What You Need To Know About Ferret Distemper
What You Need To Know About Ferret Distemper
If you have a pet ferret or planning to get one, then it’s important that you know the basics about ferret distemper. That way, you’ll know how to prevent your ferret from contracting the disease or help them recover if they become infected. It’s best to be prepared since distemper in ferrets proves to be highly fatal, sometimes even with proper treatment. In fact, distemper has a reported mortality rate of 100% in ferrets.
The first thing you need to know about ferret distemper is that it’s caused by the same virus that causes distemper in dogs: the Canine Distemper Virus. That means, ferrets can contract the disease from dogs, as well as species of wildlife that can be affected by the virus, such as raccoons, squirrels, or skunks, and vice versa.
Signs And Symptoms
Signs and symptoms of distemper may vary from one ferret to another, but it typically starts with mild conjunctivitis, followed by yellow to green-colored discharge from one or both eyes. After a few days, ferrets may also come down with a high fever of 40 degrees Celsius or greater, lose their appetite, and become lethargic.
Visual signs of distemper in ferrets include the reddening and thickening of the skin around the chin, the lips, the anal area, and the inner part of the upper thigh. As the disease progresses, those areas will turn crusty, and the footpads will become thick and hard. For older ferrets, lesions around the chin and feet may also develop.
In younger ferrets, the virus worsens a lot faster, so you will most likely see signs of nervous system damage rather than skin issues. If you own a young ferret that may have contracted distemper, you should watch out for seizures or any behavioral changes, on top of high fever and loss of appetite.
Ferrets can contract distemper the same way dogs do: through aerosol droplets from an infected animal or contact with contaminated body fluids and objects. They can pick up the virus when an infected animal coughs or sneezes near them or if they come into direct or indirect contact with that animal’s saliva, urine, or blood.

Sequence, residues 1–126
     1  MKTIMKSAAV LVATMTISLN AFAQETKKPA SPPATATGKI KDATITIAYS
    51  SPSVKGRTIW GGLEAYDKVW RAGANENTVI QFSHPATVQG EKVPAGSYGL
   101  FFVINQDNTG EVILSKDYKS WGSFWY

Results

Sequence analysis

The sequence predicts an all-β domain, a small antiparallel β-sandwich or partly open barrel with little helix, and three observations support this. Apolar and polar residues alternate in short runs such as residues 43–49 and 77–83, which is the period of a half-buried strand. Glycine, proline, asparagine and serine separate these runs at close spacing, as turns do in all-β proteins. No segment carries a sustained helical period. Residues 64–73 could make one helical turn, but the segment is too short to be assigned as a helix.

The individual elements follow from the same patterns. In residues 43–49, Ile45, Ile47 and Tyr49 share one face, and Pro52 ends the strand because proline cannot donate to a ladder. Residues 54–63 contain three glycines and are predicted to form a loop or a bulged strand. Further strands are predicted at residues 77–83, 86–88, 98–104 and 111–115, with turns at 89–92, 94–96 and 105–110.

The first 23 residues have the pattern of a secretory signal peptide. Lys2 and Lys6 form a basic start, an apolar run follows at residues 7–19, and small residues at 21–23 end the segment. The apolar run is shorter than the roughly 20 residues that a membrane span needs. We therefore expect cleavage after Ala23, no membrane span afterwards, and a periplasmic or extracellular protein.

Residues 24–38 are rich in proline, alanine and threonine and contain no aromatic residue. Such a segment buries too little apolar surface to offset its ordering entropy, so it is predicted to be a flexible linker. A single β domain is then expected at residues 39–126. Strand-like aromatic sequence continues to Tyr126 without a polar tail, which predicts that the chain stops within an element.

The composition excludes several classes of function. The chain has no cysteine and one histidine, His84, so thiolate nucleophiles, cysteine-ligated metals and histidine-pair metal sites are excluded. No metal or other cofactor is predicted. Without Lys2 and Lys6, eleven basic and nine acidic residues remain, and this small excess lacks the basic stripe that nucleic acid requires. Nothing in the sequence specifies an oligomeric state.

The Canine Distemper Virus can also stick to contaminated surfaces, objects, and equipment, such as floors, toys, food bowls, clothing, shoes, and even human hands. That means you may unknowingly bring the virus into your home if you’ve been in contact with infected material from the outside environment.
To make a diagnosis, your veterinarian may use an antibody titer to determine if your ferret has been exposed to the Canine Distemper Virus. They may also use a diagnostic tool called the fluorescent antibody test, which involves taking cell samples from the eyelid lining, mucous membranes, or blood and examining them under a microscope. It uses a glow-in-the-dark substance that makes the virus glow when it attaches to the antibody. Unlike other tests, the fluorescent antibody test can differentiate between antibodies acquired from vaccination and actual infection. However, it’s also possible for the test to result in a false-positive reading.
Just like with distemper in dogs, there is also no specific cure for ferret distemper, and the only option is rigorous supportive treatment. The chances of recovery for severely affected ferrets, however, are slim to none. There are records of people using a variety of treatment options, including immunostimulants like interferon and L-lysine, but none of them seemed to work. There’s a glimmer of hope, though, because a study conducted at McGill University Health Centre Research Institute shows that Vitamin A supplementation may be the key to helping ferrets recover from distemper.
Moderately affected ferrets are more likely to survive distemper. They are typically put on antibiotics and treated with intravenous fluids, assisted feeding, and extensive medical care.
Since there are no suitable treatments for ferret distemper yet, taking the necessary preventative steps is crucial. Here are some ways you can protect your ferret from the Canine Distemper Virus:
1. Vaccinate your ferret against distemper
Right now there is one existing government-approved distemper vaccine for ferrets called Purevax Ferret Distemper Vaccine. You can get your ferret vaccinated when they’re about 6 to 8 weeks, and they should receive a booster shot every 3 to 4 weeks until they reach 14 weeks of age.
2. Wash your hands before handling your ferret.
Because the Canine Distemper Virus can survive in the environment for several hours, you can touch a contaminated surface without you even knowing about it. So, make sure to wash your hands before handling your ferret, especially after going outside or coming into contact with other animals.
3. Immediately wash potentially contaminated clothes, shoes, and other materials.
The virus can also stick to materials such as clothes, shoes, and towels. If you go into places like pet stores, dog parks, and pet grooming salons, it’s best to clean your clothes and shoes immediately to prevent any disease-causing pathogens from coming into your home.
4. Keep your ferret indoors
Keeping your ferret indoors will prevent them from coming into contact with infected animals and contaminated surfaces or objects.
5. Don’t allow your ferret to come near sick animals
Whenever you go to the vet or any other place with potentially infected animals, be sure to keep your ferret away. Also, quarantine other pets in your home that may be infected with distemper or any other contagious disease.